“We are carrying on because we know in California that carbon pollution kills, it undermines our environment, and long-term, it’s an economic loser,” Mr. Brown said in a video statement posted online in advance of this week’s summit meeting. “We face an existential challenge with the changes in our climate. The time to act is now, the place to look is California. We’re not finished, but we sure are setting the pace.”


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NYC: Rebuilding by Design: The Art of Resilience | Patrick Kiger | Urban Land Magazine

NYC: Rebuilding by Design: The Art of Resilience | Patrick Kiger | Urban Land Magazine | @The Convergence of ICT & Distributed Renewable Energy | Scoop.it

In October 2012, Hurricane Sandy slammed into coastal New York and New Jersey, causing 147 deaths and an estimated $50 billion in property damage and traumatizing the nation with televised images of neighborhoods reduced to rubble and stormwater surging through the streets of lower Manhattan. But the magnitude of that catastrophe also made it a catalyst for a transformation in urban planning and infrastructure design—one that may help protect the region against future ravages of extreme weather and rising sea levels from climate change.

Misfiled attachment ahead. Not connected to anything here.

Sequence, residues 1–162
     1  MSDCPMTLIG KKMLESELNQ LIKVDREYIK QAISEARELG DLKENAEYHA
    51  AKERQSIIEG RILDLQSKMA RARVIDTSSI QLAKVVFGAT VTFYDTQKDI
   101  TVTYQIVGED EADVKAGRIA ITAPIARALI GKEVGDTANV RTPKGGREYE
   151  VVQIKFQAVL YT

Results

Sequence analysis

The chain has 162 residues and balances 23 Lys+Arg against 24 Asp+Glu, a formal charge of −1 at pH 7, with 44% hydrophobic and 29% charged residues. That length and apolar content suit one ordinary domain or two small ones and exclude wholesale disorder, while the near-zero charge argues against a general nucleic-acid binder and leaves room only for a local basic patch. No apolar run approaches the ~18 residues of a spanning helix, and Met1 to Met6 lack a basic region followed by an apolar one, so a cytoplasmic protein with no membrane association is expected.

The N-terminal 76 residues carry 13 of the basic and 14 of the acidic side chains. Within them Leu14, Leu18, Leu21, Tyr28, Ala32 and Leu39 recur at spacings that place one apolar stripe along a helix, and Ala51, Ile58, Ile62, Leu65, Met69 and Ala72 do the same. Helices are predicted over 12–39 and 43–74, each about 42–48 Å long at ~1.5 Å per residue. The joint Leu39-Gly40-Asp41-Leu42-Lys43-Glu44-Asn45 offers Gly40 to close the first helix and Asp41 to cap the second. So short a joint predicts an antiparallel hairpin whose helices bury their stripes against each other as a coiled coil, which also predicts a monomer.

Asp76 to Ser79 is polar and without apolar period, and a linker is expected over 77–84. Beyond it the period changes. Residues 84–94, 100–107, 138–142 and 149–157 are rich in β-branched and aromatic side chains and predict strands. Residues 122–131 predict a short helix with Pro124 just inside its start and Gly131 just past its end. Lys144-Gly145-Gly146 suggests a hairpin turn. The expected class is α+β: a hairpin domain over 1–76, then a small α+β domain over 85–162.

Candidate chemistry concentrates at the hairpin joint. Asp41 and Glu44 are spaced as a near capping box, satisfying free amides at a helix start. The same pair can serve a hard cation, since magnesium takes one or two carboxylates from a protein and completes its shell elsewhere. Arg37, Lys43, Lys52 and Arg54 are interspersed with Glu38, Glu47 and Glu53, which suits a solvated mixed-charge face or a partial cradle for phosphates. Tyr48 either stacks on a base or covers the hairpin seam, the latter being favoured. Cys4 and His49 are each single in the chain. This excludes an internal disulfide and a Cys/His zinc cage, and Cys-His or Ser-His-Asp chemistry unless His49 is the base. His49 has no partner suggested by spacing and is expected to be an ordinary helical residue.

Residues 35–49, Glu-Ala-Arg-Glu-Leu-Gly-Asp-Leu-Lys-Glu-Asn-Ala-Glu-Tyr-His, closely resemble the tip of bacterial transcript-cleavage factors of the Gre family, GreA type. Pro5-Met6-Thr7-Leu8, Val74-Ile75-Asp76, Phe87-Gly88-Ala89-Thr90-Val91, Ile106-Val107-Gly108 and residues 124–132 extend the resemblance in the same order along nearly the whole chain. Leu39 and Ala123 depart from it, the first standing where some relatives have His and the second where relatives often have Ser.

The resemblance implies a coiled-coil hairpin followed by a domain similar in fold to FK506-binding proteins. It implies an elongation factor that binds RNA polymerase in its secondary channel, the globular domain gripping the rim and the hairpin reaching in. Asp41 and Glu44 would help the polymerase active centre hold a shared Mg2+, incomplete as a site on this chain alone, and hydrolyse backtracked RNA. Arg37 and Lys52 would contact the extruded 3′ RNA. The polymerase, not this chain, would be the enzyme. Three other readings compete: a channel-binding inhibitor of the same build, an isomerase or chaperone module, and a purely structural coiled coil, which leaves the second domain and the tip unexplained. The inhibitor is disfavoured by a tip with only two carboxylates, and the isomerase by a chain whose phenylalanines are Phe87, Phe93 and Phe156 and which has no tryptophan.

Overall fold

Not quite two months after the hurricane, then-U.S. Department of Housing and Urban Development (HUD) Secretary Shaun Donovan went to the Netherlands to see what he could learn from the low-lying European nation’s long history of coping with the continual threat of flooding. His guide was a Dutch water management expert named Henk Ovink who suggested to Donovan that Sandy’s aftermath was a potential pivot point for upgrading climate resiliency policy in the United States. “I said, here is a great opportunity to come up with a new approach,” Ovink recalls.

Ovink advocated a shift away from the time-honored American approach to protecting coastal communities, which relied heavily upon erecting higher and higher barriers around the communities to keep the water out.